Whilst the project mind-set seems to be on the rise and is here to stay for a while, it could also be a good leveller for the bigger networks and the smaller start-ups.

Increase in work on a project basis may also be attributed to today’s CMOs donning the role of a quasi CFO. With shrinking budgets, marketers today are also aggressively focussed on meeting their numbers. A project approach is also of great use for clients who do not have the means or the need for an agency on retainer all year round.

“If your business needs only one campaign a year, then your money is better spent working with the best agency in the country for a two-month project instead of having a sweat shop on an annual retainer,” added Mehta.

It works for agencies as remuneration earned from work on a project basis translates to assured monies coming in a fixed time period.

“This is the era of IPL and T20. The increasing trend of project work is stemming from consumer behaviour. In fact, it is one of the big problems that the nation is going through for last six to eight years to meet the committed targets year-on-year which are given to individual offices. In case these are not met, senior guys lose a huge sum, which maybe in form of bonus and reputation,” opined Santosh Padhi, Founder – Chief Creative Officer, Taproot India. 

Means to get your foot in the door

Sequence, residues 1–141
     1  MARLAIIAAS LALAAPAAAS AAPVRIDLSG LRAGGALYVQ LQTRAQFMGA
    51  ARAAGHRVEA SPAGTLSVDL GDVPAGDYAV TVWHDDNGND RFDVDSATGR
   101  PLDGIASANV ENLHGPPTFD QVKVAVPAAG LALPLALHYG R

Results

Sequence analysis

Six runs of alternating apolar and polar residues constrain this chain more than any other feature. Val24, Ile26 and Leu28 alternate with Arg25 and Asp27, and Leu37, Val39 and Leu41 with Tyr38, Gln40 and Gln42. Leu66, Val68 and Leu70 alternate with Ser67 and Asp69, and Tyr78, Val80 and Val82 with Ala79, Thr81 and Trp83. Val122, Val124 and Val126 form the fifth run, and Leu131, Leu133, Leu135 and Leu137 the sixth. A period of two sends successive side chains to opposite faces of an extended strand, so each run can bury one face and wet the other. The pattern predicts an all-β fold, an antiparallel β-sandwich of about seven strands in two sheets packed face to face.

Projects are also viewed as a means for smaller agencies to get their foot in the door. 
“Projects are like sampling; smaller agencies get an opportunity to showcase their area of expertise and credentials. It serves like a test drive, maybe that’s the new way of pitching,” said Sagar Mahableshwarkar, Chief Creative Officer, BatesCHI and Partners.

A project seems like an interesting way to substitute a multi-agency pitch. It is a great way to test drive a new partnership before you tie the knot, rather than invite four agencies to come and attempt to solve a decade-old marketing problem in a two-hour meeting. Doing the same via a project provides both, the marketer and the agency an opportunity to really work together and get a feel of what a long-term partnership may possibly look like.

Does it help the brand?
Is short-term project basis work propelling the brand forward or taking a step back from the traditional way of functioning which believed in partnering with a single agency that worked on the brand for decades?